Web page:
The Tibetan new year, Losar, is celebrated for 15 days, beginning in 2021 on February 12th. In Ladakh, India’s high altitude desert state on top (literally) of the Himalayas, Losar is marked with traditional Tibetan-style rituals and practices: new year preparation, acts of gratitude to spirits, predictions for the new year. Homes are cleaned, cleared with incense, decorated with flowers. Walls are painted with images of the sun and moon. New clothes are acquired, relationships mended, debts settled, offerings made for a year of healthy harvest.
Two Februarys ago I was in Ladakh just outside of its capitol Leh at Mathu Monastery during the first three, the most important, days of Losar. Mathu Monastery’s 14th century courtyard and balconies strained with patient pilgrims spinning prayer wheels and eating momos. Political dignitaries spoke, prayers were chanted. On day three, after hours of traditional dance, with a light, dry snow drifting down, two Tibetan Oracles emerged with angry energy after 30 days of fasting meditation, swinging swords over their heads, running bare-chested through the crowded courtyard, up and down narrow stairwells and along the top walls of the monastery. Eventually maroon-robed attendants coaxed their naked, chosen monk bodies into silky embroidered layers of robes and scarves, binding them with belts of dangling shells and plastic skulls. The Oracles had arrived to predict the fortune, good or bad, of the coming year.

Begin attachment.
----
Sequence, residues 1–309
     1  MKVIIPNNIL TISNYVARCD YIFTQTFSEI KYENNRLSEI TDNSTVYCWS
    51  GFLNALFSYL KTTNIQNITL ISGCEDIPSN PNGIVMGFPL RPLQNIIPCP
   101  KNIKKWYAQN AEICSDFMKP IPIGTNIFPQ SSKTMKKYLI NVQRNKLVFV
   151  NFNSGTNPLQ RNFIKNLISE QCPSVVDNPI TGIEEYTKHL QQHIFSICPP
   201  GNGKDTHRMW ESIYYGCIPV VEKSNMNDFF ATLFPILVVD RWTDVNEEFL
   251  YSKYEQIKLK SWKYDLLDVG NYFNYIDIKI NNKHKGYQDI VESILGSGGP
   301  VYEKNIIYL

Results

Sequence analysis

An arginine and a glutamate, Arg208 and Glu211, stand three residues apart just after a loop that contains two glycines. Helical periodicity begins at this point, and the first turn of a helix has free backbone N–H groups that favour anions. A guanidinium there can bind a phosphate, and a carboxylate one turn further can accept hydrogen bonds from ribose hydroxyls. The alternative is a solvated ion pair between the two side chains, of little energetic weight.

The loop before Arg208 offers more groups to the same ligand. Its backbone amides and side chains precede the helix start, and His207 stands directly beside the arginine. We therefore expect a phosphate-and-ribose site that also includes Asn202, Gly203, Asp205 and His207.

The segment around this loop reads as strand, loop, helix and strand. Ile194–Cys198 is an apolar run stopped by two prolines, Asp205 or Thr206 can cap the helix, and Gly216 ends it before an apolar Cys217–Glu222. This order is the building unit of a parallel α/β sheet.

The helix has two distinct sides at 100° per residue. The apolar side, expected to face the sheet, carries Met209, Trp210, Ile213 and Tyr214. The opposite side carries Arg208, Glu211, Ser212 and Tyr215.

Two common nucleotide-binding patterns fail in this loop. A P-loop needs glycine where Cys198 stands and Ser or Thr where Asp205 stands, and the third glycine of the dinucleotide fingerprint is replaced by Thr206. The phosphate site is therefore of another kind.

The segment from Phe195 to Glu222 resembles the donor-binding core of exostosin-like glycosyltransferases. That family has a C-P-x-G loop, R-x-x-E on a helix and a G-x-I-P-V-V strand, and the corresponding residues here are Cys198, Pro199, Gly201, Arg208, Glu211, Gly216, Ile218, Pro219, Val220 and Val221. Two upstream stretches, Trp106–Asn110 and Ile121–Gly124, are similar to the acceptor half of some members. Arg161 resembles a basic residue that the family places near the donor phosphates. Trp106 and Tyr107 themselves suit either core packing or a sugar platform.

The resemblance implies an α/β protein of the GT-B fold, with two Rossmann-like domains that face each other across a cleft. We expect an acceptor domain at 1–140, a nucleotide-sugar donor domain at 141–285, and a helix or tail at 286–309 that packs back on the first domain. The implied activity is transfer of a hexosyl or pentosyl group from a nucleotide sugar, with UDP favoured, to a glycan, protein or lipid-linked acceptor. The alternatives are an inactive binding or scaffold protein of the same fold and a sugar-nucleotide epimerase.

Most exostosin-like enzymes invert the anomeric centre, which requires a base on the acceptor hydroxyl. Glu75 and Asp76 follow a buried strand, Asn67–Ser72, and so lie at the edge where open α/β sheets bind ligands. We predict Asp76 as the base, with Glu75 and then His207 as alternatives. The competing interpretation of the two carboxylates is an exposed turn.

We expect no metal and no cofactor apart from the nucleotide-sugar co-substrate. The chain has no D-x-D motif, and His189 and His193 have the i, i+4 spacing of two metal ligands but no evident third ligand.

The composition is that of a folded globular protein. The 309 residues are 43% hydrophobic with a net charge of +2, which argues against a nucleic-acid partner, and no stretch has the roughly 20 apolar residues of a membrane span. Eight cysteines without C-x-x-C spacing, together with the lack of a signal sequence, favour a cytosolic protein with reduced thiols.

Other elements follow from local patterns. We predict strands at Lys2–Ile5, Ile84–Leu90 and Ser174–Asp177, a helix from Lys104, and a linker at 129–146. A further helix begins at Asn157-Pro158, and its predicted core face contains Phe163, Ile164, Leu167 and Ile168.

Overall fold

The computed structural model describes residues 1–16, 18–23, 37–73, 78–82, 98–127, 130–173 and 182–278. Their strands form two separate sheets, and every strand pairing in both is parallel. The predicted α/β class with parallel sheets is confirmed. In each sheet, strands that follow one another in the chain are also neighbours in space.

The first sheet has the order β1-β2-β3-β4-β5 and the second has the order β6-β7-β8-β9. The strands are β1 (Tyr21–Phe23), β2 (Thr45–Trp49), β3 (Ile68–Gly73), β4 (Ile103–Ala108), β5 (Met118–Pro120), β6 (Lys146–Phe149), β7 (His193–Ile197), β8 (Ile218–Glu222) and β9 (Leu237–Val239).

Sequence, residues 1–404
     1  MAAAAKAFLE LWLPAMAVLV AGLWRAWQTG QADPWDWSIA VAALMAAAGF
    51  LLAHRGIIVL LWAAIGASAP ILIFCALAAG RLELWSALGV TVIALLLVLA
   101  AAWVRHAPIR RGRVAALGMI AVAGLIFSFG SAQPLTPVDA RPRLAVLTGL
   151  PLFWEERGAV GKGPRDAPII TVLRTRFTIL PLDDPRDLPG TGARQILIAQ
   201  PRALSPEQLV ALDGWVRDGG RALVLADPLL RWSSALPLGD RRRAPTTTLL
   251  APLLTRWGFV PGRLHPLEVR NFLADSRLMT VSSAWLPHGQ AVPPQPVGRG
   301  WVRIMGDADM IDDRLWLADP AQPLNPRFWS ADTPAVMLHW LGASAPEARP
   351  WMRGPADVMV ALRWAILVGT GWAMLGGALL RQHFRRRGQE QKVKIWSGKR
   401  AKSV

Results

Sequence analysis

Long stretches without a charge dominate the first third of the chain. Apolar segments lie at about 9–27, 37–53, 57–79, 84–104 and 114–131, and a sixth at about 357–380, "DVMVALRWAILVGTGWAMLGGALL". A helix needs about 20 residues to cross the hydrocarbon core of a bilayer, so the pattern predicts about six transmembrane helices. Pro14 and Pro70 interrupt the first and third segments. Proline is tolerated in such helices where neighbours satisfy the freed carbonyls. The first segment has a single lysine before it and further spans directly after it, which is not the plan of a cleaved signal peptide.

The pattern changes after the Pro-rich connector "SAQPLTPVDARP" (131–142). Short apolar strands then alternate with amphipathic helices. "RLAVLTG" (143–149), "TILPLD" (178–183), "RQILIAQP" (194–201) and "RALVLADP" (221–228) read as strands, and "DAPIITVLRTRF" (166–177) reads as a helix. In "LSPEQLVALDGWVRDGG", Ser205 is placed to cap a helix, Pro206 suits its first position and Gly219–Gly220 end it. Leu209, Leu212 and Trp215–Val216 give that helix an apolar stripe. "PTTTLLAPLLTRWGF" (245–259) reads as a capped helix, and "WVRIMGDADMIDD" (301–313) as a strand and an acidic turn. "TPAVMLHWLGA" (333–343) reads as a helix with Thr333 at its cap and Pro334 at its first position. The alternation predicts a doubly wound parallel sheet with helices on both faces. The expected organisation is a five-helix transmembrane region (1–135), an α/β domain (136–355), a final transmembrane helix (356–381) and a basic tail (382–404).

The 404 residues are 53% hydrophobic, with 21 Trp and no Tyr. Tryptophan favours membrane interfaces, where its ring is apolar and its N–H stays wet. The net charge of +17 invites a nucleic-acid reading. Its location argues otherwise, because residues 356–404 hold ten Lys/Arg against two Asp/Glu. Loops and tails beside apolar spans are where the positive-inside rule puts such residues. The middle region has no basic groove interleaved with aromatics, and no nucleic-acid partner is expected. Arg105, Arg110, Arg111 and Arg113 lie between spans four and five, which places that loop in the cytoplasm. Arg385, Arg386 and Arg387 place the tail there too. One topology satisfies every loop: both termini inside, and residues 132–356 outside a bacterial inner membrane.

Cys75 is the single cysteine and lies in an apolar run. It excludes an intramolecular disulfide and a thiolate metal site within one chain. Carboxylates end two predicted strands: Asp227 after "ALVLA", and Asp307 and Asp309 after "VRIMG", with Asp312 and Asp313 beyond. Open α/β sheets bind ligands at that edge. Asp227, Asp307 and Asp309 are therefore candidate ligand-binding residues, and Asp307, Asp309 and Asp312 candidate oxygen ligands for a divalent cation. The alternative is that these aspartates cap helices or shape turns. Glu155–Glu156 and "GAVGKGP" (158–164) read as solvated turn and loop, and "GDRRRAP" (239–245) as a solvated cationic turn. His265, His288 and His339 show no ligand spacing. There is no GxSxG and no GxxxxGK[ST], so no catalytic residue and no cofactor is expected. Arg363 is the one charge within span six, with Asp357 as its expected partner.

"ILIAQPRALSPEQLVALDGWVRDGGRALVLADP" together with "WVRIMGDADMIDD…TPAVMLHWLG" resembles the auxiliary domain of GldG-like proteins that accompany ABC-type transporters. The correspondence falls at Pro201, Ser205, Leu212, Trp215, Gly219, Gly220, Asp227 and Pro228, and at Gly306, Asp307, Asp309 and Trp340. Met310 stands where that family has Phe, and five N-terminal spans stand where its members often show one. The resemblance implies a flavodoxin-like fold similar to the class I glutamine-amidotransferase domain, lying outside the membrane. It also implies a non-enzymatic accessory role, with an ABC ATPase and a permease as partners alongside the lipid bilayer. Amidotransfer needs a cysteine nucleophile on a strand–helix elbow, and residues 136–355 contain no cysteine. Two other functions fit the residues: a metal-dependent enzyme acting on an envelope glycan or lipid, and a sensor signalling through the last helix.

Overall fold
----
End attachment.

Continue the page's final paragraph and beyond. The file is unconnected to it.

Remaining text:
These photos do little to capture the mystical, traditional, entrancing honoring of Losar; photos of the revered Oracles were not allowed. We share them as a bit of little arm chair travel to a most amazing part of the world during a most amazing celebration.
ann, chattra founder